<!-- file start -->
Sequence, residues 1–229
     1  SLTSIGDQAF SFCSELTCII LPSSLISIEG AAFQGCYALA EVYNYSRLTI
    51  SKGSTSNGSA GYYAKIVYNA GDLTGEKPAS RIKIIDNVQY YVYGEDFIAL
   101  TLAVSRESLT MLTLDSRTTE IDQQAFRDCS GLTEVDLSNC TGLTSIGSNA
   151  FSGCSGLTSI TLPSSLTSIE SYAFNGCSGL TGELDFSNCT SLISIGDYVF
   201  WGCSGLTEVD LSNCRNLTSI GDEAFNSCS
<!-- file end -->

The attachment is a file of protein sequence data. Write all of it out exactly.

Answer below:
Sequence, residues 1–229
     1  SLTSIGDQAF SFCSELTCII LPSSLISIEG AAFQGCYALA EVYNYSRLTI
    51  SKGSTSNGSA GYYAKIVYNA GDLTGEKPAS RIKIIDNVQY YVYGEDFIAL
   101  TLAVSRESLT MLTLDSRTTE IDQQAFRDCS GLTEVDLSNC TGLTSIGSNA
   151  FSGCSGLTSI TLPSSLTSIE SYAFNGCSGL TGELDFSNCT SLISIGDYVF
   201  WGCSGLTEVD LSNCRNLTSI GDEAFNSCS